What is a firewall?
Firewalls are security systems with routing functionality that control, log, block or network traffic can allow. They are an important element in a network and are used to restrict access to systems or to their services.
It consists of hardware and software components. The hardware components of a firewall are systems or computers with network interfaces such as routers, servers or hosts. The software components are, for example, packet filters or proxy server .
In general, a distinction is still made between host-based and network-based firewalls. Host-based firewalls run on host computers and control network traffic to and from those computers. Network firewalls filter the data traffic between two or more networks, for example through a VPN connection .
How does a firewall work?
A firewall typically works on the network layer (Layer 3) and the transport layer (Layer 4) of the OSI reference model. For this reason, firewalls are also called packet filters. The firewall uses a set of rules to filter the packets. The rules are created and maintained by a firewall administrator. Every new package is usually checked against all rules. In order from top to bottom. If none of the existing rules can be applied to the package, the so-called “Default Policy” takes effect.
This has two possible configurations, “Allow all” or “Block all”. The latter is recommended because it increases the basic security and only network traffic is allowed for which a rule exists. The firewall or the packet filter is able to filter or manipulate network packets based on various characteristics, such as IP sender addresses, IP destination addresses, protocol or port numbers. Packet manipulation is used, for example, in Network Address Translation (NAT).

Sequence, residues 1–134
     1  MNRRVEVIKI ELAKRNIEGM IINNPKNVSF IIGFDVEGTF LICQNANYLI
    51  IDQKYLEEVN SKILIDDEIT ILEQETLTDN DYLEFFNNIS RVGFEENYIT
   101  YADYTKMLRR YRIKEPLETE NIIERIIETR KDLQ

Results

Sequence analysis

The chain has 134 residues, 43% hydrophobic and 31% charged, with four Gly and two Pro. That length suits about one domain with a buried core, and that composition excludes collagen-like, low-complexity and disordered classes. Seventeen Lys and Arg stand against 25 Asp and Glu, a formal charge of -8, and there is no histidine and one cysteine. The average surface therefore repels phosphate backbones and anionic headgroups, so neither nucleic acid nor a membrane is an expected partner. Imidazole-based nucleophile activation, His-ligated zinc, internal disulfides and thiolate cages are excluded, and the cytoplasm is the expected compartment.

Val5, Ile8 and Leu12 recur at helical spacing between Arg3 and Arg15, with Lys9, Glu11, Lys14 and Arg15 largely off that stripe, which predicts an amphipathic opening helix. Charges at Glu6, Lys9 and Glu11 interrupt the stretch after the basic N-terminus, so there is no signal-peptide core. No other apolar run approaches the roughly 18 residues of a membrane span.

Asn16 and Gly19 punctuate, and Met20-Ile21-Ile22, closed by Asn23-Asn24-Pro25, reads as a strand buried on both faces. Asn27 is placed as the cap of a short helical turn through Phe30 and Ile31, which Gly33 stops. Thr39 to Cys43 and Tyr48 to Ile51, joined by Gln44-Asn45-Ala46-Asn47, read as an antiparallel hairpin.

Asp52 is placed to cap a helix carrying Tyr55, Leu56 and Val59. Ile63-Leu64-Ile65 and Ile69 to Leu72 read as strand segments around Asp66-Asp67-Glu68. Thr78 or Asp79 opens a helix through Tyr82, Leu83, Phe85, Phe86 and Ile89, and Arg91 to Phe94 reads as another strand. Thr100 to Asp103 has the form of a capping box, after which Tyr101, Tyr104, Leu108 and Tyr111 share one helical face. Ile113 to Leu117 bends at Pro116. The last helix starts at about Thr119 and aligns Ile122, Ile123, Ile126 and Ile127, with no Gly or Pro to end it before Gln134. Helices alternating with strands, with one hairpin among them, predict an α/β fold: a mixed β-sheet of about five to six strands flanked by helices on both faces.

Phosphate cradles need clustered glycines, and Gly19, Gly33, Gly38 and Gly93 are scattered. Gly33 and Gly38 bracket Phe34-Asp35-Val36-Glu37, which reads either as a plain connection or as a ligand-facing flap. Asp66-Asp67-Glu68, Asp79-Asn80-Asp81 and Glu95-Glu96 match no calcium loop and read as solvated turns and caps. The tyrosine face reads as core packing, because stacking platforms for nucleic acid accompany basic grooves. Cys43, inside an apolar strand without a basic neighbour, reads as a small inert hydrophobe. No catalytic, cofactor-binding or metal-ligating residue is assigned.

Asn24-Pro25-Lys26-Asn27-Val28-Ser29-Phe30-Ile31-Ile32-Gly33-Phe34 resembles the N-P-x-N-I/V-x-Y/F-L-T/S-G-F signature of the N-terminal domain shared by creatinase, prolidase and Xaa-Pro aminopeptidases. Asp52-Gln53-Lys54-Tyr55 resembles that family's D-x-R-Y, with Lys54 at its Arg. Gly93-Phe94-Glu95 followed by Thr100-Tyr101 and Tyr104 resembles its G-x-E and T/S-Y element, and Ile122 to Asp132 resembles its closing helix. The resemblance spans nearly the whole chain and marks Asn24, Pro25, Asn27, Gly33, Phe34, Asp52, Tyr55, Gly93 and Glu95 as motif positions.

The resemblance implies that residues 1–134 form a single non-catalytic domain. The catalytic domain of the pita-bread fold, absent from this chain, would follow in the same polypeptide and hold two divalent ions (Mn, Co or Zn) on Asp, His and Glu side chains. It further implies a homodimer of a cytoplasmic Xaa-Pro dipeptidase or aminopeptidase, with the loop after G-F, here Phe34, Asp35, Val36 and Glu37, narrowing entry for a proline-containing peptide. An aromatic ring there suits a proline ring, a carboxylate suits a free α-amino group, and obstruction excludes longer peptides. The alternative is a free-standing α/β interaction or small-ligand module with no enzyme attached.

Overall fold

A further distinction is made between a stateful packet inspection and a stateless packet inspection. A firewall can use Stateful Packet Inspection to interpret the connection status of the network traffic and thus recognize whether it is a new or an existing connection. This has the advantage that not every single packet of existing connections has to be checked against the entire set of rules. For performance and speed reasons, firewalls usually always work with stateful packet inspection.
The most widespread packet filter is the Linux “netfilter”, which is part of the Linux kernel. This is used in products from well-known manufacturers and can be operated with the well-known “iptables” program.
A classic firewall or a packet filter has no way of performing deep packet inspection. Functions such as IDS (Intrusion Detection System), IPS (Intrusion Prevention System) or WAF (Web application firewall) are usually part of a Next Generation Firewall (NGFW) or the latter part of an application layer gateway.